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2003 Saturn Ion 3 Quad Coupe

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San Francisco: Let's face it. Most entry-level cars are basically the same. This automotive parity is perfect for producing good performance and reliability across all models, but it doesn't bode well for drivers looking for something different, perhaps a little off the wall. That's why Saturn exists.

If you don't count styling, every difference between today's bread-and-butter transportation - like the Civic, Focus, Cavalier and Sentra - is subtle and subjective. Their power, handling and features all vary some, but if you did a soda-style, blindfolded comparison, few drivers could tell the Civic from the Sentra, or the Focus from the Cavalier.

Since its start in the early '90s, Saturn has tried to offer affordable cars that don't follow the rest of the pack. They had plastic bodies that avoided dents like Rubbermaid storage bins, unconventional cabins that were both exciting and practical, and an award-winning dealer network praised for its no-hassle pricing.

Only problem: Saturn was the red-headed stepchild of General Motors. While other brands got new models every four years or so, Saturn's first cars were left basically unchanged for more than a decade.

That's where the Ion comes in. As a replacement for Saturn's successful yet12-year-old S-series, it will carry much of the brand's future success on its plastic shoulders. Yes, it has the same dent-resistant polymer body and huggable styling from its predecessors, plus it has features that set it apart - way apart, in come cases - from the entry-level pack.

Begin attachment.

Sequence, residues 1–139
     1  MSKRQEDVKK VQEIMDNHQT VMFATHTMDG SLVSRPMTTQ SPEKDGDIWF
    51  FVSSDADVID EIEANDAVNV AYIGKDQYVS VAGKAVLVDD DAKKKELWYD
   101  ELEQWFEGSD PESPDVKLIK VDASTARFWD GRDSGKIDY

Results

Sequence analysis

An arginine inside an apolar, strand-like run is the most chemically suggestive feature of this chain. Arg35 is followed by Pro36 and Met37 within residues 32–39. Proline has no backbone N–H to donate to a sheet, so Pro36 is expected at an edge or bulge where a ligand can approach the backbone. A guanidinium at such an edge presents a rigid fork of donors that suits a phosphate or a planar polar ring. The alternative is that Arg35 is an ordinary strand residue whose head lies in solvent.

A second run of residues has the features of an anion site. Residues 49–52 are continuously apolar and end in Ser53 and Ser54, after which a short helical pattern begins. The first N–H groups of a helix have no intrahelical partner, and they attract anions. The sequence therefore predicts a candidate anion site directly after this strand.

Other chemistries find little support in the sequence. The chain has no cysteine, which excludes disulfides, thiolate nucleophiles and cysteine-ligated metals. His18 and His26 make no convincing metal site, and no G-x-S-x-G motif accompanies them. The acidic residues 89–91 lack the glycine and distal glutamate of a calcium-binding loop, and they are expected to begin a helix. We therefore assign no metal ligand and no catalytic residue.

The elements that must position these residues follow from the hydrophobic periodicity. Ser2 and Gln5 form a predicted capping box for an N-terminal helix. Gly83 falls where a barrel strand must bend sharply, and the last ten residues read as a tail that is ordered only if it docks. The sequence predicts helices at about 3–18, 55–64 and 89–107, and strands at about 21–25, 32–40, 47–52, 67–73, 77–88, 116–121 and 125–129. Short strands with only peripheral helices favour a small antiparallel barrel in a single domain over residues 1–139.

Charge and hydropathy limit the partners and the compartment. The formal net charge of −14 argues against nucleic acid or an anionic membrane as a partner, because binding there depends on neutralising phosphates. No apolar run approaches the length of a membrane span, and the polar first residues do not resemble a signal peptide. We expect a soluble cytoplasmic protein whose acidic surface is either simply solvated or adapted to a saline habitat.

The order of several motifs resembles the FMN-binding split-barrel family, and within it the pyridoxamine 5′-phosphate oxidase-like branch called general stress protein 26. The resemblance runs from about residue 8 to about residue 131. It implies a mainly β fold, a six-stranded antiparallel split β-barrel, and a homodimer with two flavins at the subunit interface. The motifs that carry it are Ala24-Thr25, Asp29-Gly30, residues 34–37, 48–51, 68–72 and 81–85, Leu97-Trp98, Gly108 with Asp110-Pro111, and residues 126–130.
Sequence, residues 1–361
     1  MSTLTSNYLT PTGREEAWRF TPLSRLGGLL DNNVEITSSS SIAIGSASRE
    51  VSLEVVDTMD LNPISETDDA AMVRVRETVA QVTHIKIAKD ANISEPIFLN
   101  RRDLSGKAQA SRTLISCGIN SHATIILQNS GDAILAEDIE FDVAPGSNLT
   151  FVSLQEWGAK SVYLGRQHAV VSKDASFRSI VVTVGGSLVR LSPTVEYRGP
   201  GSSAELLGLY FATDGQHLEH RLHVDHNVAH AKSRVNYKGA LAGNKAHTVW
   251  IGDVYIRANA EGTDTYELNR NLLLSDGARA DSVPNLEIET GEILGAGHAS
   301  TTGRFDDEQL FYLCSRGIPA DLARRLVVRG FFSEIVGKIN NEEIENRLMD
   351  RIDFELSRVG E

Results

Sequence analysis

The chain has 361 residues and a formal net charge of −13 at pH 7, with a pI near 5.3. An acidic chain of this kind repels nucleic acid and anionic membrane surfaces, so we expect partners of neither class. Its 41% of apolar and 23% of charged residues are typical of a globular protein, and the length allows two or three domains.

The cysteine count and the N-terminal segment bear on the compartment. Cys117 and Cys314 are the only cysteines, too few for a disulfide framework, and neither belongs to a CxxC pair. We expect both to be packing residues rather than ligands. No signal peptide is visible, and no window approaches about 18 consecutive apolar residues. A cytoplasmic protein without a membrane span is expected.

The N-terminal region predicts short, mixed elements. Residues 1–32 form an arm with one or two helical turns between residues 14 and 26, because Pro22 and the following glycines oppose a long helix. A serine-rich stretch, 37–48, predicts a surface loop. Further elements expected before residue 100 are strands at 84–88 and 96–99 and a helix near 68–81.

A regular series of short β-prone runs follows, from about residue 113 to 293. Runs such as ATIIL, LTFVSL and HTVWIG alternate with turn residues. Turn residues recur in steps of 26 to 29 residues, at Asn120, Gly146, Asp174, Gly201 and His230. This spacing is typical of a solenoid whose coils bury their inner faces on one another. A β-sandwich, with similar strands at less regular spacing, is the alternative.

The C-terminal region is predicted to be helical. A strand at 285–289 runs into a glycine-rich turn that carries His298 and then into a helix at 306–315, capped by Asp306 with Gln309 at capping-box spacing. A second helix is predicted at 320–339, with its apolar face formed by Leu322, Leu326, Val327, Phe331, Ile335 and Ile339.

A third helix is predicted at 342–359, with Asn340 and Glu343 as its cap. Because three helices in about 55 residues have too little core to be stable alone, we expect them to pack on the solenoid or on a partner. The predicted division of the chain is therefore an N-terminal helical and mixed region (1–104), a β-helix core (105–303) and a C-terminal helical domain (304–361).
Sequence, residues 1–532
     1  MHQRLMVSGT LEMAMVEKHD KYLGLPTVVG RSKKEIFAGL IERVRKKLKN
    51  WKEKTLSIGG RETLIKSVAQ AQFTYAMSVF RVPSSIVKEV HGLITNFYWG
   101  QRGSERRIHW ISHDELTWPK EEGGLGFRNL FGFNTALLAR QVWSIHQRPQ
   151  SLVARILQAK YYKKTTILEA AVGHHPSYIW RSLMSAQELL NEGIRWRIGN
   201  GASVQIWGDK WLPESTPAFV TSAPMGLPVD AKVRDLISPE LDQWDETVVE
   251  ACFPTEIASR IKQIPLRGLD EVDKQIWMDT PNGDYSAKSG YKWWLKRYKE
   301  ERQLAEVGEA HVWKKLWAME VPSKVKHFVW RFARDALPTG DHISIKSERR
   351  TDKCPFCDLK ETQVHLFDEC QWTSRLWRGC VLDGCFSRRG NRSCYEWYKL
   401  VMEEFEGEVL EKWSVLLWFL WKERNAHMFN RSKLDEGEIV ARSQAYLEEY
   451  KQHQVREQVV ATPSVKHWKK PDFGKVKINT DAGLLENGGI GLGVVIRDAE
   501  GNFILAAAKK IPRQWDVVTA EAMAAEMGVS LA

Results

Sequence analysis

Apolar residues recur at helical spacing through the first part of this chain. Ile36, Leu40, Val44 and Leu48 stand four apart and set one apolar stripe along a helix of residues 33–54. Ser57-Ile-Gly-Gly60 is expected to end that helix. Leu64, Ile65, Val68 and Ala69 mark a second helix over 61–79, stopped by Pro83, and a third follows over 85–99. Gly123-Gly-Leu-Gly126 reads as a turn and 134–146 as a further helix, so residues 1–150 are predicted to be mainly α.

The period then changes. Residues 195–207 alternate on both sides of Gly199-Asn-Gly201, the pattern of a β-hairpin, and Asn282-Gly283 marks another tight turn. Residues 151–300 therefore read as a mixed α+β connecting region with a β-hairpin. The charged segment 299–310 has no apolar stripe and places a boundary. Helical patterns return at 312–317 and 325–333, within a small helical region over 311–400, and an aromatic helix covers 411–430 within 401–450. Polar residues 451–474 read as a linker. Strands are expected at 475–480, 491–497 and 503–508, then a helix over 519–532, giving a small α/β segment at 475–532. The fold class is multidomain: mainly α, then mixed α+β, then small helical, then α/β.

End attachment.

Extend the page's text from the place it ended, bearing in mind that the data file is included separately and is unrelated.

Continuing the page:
For starters, there's the four-door "Quad Coupe." Whether or not a four-door coupe can exist is still a matter of debate, but one thing's certain: it looks sporty and doesn't sacrifice much practicality like a true two-door coupe would. Simply stated the innovative Quad Coupe offers the practicality of a sedan with the sporty look of a coupe.

To do this, it has two rear-swinging doors that provide access to the back seat, and they can only be opened if the front doors are open first for safety. There's no "B" pillar either, so opening both front and rear doors is like peering inside the Astrodome for the first time and marveling at how sturdy it is without a field of pillars holding up the roof.

Then there's the instrument panel in the center of the dash, not directly in front of the driver like in traditional American cars. While it takes some getting used to, it provides a better view of the road than traditional gauges and lets everyone in the car see how fast they're traveling - perfect for back-seat drivers.

Best of all, there's an available goodie that no other car in the Ion's price range offers: a continuously variable transmission (CVT). Usually found in more expensive cars, the CVT is an automatic transmission that never shifts gears. Not only does it produce perfectly smooth acceleration, it gets improved gas mileage because it offers an infinite number of "gears" - not just four or five - through some mysterious process, quite possibly black magic.

This new Saturn also comes with what is probably the best four-cylinder engine GM has ever produced, the 2.2-liter Ecotec. The 16-valve, dual-overhead-cam design that makes 137 horsepower, an excellent figure for entry-level cars, while remaining relatively quiet and smooth.

Take a test drive today and experience the new engine and CVT transmission for yourself, and if you have always liked Saturn’s, then you’re going to just love the new Ion 3 Quad Coupe. By Derek Price AutoWire.Net - San Francisco

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Byline:  Syndicated content provided by Tony Leopardo AutoWire.Net
Column Name:  Ion provides a new choice in entry-level cars
Topic:  2003 Saturn Ion 3 Quad Coupe
Word Count:   654
Photo Caption:  2003 Saturn Ion 3 Quad Coupe
Photo Credits:  Saturn Internet Media
Series #:   2003 - 21

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Publisher - Editor:   Tony Leopardo
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